How do plants and animals acquire their microbiota? Are hosts colonized by microbes from their surroundings or do parents transmit microbes to offspring? Coevolutionary theory predicts that if microbial symbionts are beneficial, they should be vertically transmitted (to assure that the host is gaining compatible partners), and the more a host depends on its microbial partners, the higher the expected incidence of vertical transmission [e.g., 1, 2, 3]. Indeed, many obligate insect-microbe interactions, such as those described between Buchnera-aphid , Wolbachia-nematode , and Ishikawaella-stinkbug  are transmitted from parents to offspring. However, this theory is incomplete. Evidence for symbioses involving horizontal transmission is common, especially in hosts with relatively simple microbiota [e.g., 3, 7]. Two well-known examples include the facultative symbiosis between the luminescent Vibrio fischeri and the bobtail squid Euprymna scolopes , and the obligate symbiosis between chemolithoautotrophic bacteria and the hydrothermal vent tubeworm Riftia pachyptila .
In parallel, the hologenome theory proposes that there might be value in treating hosts and their microbiota as a single evolutionary unit. This theory comes with an important expectation: high partner fidelity—If the collection of genomes varies within and between host generations, then it is not a coherent unit of selection [10, 11]. Such tight partner fidelity is typically only found among host-microbe symbioses with obligate vertical transmission.
With increasing community diversity, do parents transmit a representative sample of the whole microbial community or select only a subset of the most beneficial microbes? How does vertical transmission interact with other community assembly processes shown to be important in diverse communities, including ecological drift, priority effects, and environmental selection? In our article that is published today in Nature Ecology and Evolution, we analysed the consistency and faithfulness of vertical transmission in multiple coexisting host species with highly diverse microbiota, leveraging known parent-offspring pairs sampled from eight species of wild marine sponges (Porifera).
Across eight sponge species, we show that: (1) vertical transmission is relatively comprehensive, but often undetectable. While larval sponges shared, on average, 44.8% of microbes with their parents, this fraction was not higher than the fraction they shared with nearby conspecific adults who were not their parents; (2) vertical transmission is inconsistent across siblings, as larval sponges from the same parent only shared 17% of microbes, and (3) vertically transmitted microbes are not faithful to a single sponge species: surprisingly, larvae were just as likely to share vertically transmitted microbes with larvae from other species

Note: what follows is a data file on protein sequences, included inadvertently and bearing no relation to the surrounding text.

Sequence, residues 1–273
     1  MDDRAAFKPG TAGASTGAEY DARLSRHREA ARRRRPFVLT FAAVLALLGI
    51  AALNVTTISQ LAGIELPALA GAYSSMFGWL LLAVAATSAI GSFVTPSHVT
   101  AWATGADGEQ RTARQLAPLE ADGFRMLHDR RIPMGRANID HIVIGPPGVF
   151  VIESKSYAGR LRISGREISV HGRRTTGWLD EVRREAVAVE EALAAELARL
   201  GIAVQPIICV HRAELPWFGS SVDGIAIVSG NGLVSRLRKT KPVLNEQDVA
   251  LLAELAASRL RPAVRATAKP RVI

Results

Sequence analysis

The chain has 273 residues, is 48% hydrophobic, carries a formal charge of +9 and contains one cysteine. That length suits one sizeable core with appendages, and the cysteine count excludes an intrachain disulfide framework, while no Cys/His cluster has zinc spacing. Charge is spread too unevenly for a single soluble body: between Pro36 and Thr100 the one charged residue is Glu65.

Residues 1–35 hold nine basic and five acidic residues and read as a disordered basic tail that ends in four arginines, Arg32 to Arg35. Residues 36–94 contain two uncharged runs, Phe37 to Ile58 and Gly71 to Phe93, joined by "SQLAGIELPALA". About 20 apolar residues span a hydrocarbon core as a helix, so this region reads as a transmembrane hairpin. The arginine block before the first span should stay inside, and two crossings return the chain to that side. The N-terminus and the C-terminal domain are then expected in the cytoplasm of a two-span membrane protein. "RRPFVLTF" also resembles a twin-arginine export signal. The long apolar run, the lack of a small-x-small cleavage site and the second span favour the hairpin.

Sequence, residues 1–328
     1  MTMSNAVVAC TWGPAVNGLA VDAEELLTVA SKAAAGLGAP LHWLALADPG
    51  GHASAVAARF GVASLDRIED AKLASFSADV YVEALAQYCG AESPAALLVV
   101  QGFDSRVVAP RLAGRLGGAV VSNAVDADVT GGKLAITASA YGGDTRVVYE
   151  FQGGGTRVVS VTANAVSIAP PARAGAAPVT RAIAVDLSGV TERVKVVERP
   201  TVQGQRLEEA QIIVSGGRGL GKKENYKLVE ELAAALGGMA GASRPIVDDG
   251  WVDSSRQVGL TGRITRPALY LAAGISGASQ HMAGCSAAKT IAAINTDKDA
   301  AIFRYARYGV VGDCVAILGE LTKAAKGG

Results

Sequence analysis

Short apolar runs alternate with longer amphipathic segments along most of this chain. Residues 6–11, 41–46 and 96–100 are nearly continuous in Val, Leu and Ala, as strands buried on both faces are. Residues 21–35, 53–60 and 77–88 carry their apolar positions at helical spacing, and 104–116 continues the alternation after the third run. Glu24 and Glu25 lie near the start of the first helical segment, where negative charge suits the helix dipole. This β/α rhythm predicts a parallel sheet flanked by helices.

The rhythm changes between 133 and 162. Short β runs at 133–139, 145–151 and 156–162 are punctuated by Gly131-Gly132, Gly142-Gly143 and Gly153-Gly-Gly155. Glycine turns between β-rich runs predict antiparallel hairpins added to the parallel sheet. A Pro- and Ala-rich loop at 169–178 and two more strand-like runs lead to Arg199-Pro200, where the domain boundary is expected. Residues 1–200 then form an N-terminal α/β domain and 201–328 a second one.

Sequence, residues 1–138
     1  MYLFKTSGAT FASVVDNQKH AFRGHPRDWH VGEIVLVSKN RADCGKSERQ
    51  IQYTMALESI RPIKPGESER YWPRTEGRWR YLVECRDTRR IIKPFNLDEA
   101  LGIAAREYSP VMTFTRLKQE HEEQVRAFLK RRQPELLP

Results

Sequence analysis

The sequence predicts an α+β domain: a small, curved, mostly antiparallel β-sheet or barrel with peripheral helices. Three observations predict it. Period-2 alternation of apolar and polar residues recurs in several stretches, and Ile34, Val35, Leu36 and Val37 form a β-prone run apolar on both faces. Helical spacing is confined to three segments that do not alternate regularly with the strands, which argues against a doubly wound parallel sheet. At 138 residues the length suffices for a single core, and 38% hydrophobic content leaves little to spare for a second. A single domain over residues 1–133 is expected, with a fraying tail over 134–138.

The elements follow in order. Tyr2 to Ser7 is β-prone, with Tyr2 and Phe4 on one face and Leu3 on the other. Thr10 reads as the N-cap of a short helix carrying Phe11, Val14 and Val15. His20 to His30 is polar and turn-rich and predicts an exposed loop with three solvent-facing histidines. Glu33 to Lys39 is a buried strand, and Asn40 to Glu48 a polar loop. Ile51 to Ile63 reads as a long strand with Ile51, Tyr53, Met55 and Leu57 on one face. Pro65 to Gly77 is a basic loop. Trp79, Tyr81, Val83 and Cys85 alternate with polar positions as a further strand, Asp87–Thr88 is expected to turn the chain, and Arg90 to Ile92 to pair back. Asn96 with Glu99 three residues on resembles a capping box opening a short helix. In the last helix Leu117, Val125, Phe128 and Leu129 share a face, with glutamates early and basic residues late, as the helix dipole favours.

This study began as part of my PhD thesis. I spent the summer of 2012 in the small town of L’Estartit located on the northeastern coast of Spain known as Costa Brava conducting fieldwork. Eugeni Canals (currently an educator and diving instructor at BeOcean, Barcelona) was my diving partner and field assistant for the summer. Our goal was to sample multiple sponge species and their larval offspring. There was just one small problem—we did not know when most of the different sponge species we were planning to sample spawned. Compared to many corals which release their eggs in a single spawning event that is cued by the lunar cycle and seawater temperature, much less is known about marine sponges. To establish vertical transmission between known parent-offspring pairs, we built traps around individual adults only hoping to get lucky. After a number of larvae traps had been mounted each week, we made rounds each day stopping at every trap collecting and changing the bottles that we had designed to trap any dispersing larvae (for a sketch of the larvae trap, see Fig. S27 in the paper). The evenings were then spent sieving through each individual bottle searching for sponge larvae with a stereolupe.
Lastly, this work could not have been done without the help and input from all the co-authors. I am also extremely grateful for the help of R. Coma and E. Serrano—without their help in the field teaching me how to taxonomically identify the different sponge species, this work would not have been possible. Also, a special thanks goes out to my former colleague and friend Teresa Morganti who I lived with during the summer in L'Estartit—without you I probably would have lost my sanity!